Ceramic to Metal Seal Techniques:
A ceramic to metal seal generally means a hermetic seal, hermetic joint, or hermetic bond. Occasionally, there will be no hermeticity requirement (entirely structural). Some have an intermediate sealing or filler material and some do not.
IJ Research has extensive experience as a supplier for the following five types of ceramic to metal seals, joints and bonds:
1. Brazing or soldering metallized ceramic to metal (Thermo-metallurgical bonding).
2. Active Metal Element Brazing non-metallized ceramic to metal (Diffusion bonding driven by thermo-metallurgical bonding).
3. Diffusion bonding ceramic and metal with nothing in-between.
4. Glass sealing non-metallized ceramic and metal (Fusion bonding using a sealing glass)
5. Cofired bonding Ceramic and Metal directly sealed with no braze or glass in-between (Oxidation – sintering driven chemical bonding)
Terminologies such as “thermo-metallurgical bonding”, “fusion bonding ceramic and metal” and “Oxidation – sintering driven chemical bonding” are methodologies IJ Research created and has been practicing for many years. We are unique in the processes, ability to choose the correct technique for the customer’s specific need and solving any issues that arise during development.
Fusion bonding is done with glass and metal or glass and metal oxide at high temperature. At the interface, a transition region of glass, metal oxide, and pure metal is formed.
Diffusion bonding usually requires a few prerequisites to enhance the adhesion. Minimal, surface roughness, high pressure, and interdiffusion friendly materials are key.
Thermo-metallurgical bonding is a chemical reaction through oxidation of a metal and sintering together with all the metal oxides.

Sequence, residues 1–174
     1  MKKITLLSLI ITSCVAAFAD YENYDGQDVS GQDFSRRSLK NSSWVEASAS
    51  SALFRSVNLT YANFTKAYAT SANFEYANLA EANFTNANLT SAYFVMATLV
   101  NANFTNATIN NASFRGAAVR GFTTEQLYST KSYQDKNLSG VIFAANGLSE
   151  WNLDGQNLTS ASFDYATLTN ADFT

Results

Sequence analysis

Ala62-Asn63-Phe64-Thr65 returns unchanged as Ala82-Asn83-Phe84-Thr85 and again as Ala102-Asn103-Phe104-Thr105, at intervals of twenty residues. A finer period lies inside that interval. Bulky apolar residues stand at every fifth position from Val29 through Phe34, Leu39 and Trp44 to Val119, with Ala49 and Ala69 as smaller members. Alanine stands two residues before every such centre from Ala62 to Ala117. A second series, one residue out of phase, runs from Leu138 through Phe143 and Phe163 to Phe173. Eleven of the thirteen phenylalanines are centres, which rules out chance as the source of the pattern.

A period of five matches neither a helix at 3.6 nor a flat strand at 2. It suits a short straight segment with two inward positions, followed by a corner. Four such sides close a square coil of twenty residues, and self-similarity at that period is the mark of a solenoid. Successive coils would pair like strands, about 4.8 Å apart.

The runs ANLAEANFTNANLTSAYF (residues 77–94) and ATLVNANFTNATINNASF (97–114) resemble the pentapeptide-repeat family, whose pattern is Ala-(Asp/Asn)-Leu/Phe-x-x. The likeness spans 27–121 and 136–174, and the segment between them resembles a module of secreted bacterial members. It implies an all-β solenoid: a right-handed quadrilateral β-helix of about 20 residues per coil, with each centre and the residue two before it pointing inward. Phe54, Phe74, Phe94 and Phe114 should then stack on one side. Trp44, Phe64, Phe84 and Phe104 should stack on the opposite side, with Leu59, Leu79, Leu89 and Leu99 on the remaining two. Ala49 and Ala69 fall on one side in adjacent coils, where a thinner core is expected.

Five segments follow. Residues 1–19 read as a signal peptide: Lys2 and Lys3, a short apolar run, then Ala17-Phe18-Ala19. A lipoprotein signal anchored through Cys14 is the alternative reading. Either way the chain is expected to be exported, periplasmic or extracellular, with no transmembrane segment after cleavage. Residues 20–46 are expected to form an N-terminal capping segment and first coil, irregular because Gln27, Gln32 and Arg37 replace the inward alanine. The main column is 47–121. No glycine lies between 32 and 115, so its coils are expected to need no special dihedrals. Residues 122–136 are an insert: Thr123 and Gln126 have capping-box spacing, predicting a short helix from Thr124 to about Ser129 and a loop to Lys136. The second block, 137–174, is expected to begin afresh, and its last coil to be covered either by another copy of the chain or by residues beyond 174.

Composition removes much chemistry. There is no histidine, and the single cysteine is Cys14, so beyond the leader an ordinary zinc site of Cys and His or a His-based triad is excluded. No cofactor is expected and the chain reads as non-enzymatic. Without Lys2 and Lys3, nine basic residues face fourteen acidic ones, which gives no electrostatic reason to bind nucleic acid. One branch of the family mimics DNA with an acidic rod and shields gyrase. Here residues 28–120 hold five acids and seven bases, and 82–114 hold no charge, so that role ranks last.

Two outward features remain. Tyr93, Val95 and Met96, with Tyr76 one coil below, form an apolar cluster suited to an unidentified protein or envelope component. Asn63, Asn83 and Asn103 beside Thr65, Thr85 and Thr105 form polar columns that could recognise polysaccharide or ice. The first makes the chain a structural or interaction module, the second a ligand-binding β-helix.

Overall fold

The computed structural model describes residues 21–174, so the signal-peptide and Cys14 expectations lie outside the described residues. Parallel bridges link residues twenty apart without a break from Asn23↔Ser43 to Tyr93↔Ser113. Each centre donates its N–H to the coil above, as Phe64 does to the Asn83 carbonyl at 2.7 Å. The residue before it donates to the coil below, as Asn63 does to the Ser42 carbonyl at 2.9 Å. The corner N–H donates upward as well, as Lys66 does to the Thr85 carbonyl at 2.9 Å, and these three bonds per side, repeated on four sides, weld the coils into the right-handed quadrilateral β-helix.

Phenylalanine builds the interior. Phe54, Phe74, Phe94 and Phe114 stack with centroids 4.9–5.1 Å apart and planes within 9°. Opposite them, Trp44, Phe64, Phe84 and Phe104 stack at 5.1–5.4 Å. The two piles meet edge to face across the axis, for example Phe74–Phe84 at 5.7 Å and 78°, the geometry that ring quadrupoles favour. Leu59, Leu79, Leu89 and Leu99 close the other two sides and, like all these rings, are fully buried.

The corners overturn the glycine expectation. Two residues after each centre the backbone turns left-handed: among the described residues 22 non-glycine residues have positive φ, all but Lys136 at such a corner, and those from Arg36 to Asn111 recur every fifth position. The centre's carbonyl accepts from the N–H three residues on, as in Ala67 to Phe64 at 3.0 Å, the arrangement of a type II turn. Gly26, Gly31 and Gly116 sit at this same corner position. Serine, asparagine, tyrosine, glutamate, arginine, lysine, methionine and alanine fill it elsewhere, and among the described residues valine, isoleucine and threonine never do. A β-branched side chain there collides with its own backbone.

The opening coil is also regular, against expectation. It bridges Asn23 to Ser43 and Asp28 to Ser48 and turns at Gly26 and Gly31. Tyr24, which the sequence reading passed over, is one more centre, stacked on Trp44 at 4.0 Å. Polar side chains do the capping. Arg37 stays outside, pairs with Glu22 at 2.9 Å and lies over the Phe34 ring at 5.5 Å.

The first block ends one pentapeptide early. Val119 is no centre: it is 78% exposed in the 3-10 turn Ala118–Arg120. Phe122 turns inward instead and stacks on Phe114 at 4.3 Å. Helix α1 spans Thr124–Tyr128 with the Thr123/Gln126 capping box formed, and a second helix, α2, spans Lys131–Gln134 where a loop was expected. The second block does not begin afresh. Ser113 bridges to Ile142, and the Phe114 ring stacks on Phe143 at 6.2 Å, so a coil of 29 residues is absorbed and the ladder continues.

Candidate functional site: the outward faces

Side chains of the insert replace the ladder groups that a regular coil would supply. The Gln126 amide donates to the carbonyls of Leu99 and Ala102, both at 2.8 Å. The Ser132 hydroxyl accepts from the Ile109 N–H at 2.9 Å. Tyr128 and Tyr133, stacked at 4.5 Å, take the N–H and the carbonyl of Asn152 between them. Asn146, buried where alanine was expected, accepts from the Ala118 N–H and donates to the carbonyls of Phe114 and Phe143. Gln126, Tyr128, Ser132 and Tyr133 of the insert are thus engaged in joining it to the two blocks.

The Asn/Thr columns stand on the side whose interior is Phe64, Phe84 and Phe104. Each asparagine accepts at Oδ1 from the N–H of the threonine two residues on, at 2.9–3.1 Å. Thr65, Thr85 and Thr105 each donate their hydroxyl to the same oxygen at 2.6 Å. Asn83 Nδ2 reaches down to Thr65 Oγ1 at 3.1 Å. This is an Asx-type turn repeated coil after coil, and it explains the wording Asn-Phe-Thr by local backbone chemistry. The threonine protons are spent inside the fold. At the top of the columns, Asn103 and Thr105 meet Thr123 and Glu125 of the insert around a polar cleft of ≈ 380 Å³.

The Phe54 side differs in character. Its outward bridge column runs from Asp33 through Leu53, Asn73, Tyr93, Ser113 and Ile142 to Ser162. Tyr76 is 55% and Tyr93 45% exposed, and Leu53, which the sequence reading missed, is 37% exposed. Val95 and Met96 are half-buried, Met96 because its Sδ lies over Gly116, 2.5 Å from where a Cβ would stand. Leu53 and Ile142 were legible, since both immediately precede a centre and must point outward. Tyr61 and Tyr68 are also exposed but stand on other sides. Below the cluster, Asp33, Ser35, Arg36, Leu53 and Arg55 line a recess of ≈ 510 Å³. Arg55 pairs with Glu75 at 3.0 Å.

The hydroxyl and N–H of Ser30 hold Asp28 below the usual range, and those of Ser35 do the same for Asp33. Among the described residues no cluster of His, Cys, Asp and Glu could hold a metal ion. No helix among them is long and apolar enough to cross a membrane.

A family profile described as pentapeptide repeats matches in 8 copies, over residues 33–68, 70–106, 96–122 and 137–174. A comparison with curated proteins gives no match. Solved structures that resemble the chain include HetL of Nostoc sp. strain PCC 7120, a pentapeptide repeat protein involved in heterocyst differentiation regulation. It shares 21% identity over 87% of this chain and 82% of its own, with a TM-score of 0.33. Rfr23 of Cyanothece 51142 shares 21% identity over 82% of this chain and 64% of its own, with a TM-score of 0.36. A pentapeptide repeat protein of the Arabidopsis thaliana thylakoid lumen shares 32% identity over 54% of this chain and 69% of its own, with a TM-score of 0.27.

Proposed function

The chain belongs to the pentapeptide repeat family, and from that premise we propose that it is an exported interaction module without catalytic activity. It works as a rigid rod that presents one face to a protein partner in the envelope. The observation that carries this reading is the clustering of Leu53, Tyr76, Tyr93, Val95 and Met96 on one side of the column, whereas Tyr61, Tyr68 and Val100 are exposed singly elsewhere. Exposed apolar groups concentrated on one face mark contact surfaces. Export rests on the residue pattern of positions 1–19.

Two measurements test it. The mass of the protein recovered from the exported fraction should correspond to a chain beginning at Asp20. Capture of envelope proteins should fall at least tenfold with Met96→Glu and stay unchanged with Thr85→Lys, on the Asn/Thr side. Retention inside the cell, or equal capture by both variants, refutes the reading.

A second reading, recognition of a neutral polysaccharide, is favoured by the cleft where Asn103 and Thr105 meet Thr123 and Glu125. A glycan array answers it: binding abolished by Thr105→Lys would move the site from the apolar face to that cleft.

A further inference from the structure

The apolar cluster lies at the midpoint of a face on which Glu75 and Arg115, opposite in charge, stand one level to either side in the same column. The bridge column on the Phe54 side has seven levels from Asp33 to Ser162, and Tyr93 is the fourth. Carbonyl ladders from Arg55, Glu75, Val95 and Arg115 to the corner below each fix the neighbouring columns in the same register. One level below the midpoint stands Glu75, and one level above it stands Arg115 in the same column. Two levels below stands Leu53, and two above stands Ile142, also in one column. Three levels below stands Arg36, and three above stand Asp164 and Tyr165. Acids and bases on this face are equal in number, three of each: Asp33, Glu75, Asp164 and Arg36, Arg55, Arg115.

The well-established process of ceramic to metal sealing requires a metallization layer applied on the ceramic and then secondarily brazing the metallized ceramic and the metal component together using a braze (or solder). This two-step process may sound indirect as some of the processes listed above do not require ceramic metallization. However, every application/assembly/configuration has pros and cons of each process in terms of overall quality. Braze can be replaced with a solder for certain low temperature applications. IJ Research has even developed an innovative flux-less soldering process such that there will be no entrapped flux interference in the sealing. Every technique has its own strength and weaknesses in a variety of applications and IJ Research has the experience and knowledge to guide customers to the best available option specifically to their project needs.
IJ Research offers the following four different processes of metallization. These techniques are primarily designed for ceramics but can be compatible with glasses as well.
1. UHT Metallization: Primarily for sapphire, translucent alumina and 99.5 % and up Al2O3.
2. HT Metallization: Primarily for Al2O3 96% and up, sapphire and few other oxides. This can be used for BeO and AlN as well.
3. MT Metallization: Primarily for carbon products including diamond and graphite, nitride, carbides, BeO and zirconia.
4. LT Metallization: For all glasses and ceramics including all above and others such as exotic crystals including sulfide and sulfate, Ge, etc.
Note: The terminologies of UHT, HT MT and LT are unique to IJ Research and we purposefully use them to distinguish the multiple techniques. Please refer to additional Corporate Literature called Metallization for further details.
Please contact IJ Research using 1-714-546-8522 or firstname.lastname@example.org.